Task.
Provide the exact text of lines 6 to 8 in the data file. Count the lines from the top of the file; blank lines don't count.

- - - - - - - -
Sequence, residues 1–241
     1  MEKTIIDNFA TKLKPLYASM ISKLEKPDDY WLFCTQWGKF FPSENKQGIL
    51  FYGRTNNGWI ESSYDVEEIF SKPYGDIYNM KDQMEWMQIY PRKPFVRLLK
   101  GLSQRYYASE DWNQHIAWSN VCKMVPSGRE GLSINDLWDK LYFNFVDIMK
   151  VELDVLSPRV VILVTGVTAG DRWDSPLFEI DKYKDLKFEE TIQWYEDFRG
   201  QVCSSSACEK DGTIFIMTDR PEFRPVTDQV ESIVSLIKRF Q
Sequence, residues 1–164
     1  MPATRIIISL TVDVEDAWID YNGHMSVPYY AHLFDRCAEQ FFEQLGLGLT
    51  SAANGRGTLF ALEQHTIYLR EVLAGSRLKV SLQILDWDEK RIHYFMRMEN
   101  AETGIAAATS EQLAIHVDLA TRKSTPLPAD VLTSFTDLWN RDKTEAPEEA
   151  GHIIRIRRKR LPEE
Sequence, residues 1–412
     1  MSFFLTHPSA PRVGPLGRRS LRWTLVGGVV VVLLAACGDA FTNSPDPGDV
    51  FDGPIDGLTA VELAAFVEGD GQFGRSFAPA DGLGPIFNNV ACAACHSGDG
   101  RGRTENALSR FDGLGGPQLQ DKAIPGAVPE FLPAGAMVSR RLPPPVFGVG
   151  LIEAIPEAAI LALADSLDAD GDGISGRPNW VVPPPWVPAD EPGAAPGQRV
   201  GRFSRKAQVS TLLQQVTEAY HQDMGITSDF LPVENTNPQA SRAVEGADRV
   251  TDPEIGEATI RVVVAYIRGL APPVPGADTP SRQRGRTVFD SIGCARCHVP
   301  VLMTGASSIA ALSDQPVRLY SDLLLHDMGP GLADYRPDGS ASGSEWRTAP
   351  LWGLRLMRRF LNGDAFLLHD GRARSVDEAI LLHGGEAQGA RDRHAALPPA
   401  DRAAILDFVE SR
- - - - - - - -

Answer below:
   201  QVCSSSACEK DGTIFIMTDR PEFRPVTDQV ESIVSLIKRF Q
Sequence, residues 1–164
     1  MPATRIIISL TVDVEDAWID YNGHMSVPYY AHLFDRCAEQ FFEQLGLGLT